Revocation of Paternity Act
It is hard to believe that the law says a husband is the legal father of any children born to his wife during their marriage even if DNA tells a different tale. It can be an absolutely devastating and life-altering experience for anyone to learn they are not the biological father of their child. Unfortunately, this happens more often than you think. There are strict laws in place that protect certain unalienable privacy rights for married persons under the Constitutions of both the United States and the State of Michigan. There are also very strict laws for unmarried fathers that have acknowledged paternity of a child they later find out is not biologically theirs. These laws can mean that regardless of whether you fathered a child or not, you are obligated to provide for them financially until they reach maturity.
Under the 2012 Revocation of Paternity Act there are provisions that provide solutions for fathers that have discovered their legal children are not their biological children. Pursuing a claim under ROPA requires very intricate analysis of specific facts unique to your individual circumstances. There are several requirements that must be met to even be considered a candidate to revoke the paternity of a child. For instance, there are very specific time frames and conditions that must be adhered to for anyone to bring an action under ROPA. It is extremely important to note there are other persons that may qualify under ROPA to try and revoke your paternity against your will including the biological mother and/or the punitive father.
Some of the major conditions that must be met in almost every instance under ROPA are:
1.) An action may only be brought within three (3) years after the minor child was born or within one (1) year after an acknowledgment of paternity has been signed, whichever is later;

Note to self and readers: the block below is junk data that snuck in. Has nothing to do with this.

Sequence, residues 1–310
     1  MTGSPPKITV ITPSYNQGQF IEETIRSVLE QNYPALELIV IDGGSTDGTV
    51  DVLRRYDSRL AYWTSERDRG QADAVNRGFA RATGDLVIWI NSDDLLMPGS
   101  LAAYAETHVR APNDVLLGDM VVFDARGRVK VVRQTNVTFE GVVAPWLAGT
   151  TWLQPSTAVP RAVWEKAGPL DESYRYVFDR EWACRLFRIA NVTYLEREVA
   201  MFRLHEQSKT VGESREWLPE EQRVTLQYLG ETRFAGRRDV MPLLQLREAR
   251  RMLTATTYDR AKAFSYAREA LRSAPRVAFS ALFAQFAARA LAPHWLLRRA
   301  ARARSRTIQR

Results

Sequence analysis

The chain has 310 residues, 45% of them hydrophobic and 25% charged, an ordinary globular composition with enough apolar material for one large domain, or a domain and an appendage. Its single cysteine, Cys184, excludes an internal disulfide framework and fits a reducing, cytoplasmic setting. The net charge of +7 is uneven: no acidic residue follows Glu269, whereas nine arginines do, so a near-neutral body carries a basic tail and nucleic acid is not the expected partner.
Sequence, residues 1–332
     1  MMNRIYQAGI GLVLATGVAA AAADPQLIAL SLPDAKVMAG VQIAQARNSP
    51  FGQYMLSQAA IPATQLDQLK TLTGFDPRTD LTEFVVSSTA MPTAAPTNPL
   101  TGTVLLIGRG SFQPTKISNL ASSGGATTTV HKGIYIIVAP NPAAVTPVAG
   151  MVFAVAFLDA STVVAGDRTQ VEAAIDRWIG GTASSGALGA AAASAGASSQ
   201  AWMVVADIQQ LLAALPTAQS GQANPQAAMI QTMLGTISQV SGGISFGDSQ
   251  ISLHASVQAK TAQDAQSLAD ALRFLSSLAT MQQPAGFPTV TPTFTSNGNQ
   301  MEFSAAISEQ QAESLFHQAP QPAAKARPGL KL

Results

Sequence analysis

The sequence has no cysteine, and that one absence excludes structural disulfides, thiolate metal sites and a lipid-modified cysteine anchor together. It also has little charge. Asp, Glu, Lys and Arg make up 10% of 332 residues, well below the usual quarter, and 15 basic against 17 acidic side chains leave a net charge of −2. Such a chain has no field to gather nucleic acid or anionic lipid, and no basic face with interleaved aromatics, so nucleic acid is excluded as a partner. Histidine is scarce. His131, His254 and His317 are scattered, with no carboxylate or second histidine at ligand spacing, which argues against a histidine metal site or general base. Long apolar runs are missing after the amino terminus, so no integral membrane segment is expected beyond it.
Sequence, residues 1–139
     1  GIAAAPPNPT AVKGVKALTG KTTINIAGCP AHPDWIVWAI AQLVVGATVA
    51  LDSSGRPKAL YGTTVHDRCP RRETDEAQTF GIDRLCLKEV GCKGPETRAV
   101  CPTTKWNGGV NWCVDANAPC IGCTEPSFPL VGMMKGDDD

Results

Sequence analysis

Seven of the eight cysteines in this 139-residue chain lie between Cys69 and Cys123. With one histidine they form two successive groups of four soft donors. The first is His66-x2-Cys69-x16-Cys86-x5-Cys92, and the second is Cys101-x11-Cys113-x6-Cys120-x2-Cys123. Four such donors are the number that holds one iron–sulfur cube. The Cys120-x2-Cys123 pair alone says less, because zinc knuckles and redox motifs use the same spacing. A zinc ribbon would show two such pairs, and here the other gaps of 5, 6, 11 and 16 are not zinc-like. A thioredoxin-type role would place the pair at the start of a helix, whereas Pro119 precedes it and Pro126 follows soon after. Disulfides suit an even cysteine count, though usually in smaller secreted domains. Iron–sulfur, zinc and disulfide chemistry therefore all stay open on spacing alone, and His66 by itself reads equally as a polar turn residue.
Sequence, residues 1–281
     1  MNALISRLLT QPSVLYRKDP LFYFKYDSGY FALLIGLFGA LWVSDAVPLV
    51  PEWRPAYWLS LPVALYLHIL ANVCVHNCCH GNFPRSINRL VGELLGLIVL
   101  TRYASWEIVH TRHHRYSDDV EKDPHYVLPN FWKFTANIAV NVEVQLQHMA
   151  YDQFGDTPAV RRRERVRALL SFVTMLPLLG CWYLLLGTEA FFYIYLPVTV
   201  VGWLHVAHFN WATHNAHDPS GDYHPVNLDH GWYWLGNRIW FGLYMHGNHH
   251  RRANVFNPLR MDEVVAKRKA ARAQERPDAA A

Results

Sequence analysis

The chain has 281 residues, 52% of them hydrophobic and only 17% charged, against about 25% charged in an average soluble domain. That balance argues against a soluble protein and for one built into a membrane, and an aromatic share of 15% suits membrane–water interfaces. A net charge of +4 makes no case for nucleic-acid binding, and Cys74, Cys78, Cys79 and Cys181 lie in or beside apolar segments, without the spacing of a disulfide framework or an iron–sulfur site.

2.) DNA testing from a Court approved facility will likely be required to be submitted to the Court; and,
3.) It must be determined by the Court that the Revocation of Paternity must be in the best interest of the minor child. A big question that plagues the minds of many fathers that are dealing with a ROPA issue is, “How do I get all the child support that I have paid back?” This question can not always be answered so simply. Unless it can be proven that the mother of the child engaged in an act of fraud, misconduct, or forced you to sign an acknowledgment of paternity, it is nearly impossible to be returned any monies that you paid in prior child support obligations. If in fact, however, fraud can be proven in your case it is possible to attempt to recover child support payments you have made in the past. This issue is complex and can be complicated by whether the mother is collectable and whether any portion of your child support was forwarded to the State of Michigan for repayment of State Aid collected by the mother on behalf of the child. It is important that all these factors be discussed with your family law attorney to determine if attempting to recollect these funds is feasible in your case.
An in-depth review of your case must be conducted by an experienced family law attorney to determine whether you met the requisite criteria to fall under the ROPA statute and obtain relief from child support obligations, custody orders, and other responsibilities as a legal father. If someone is filing a Revocation of Paternity action against the paternity you have over a minor child, it is essential you meet with your family law attorney to find out whether the Petitioner has standing to bring a case at all.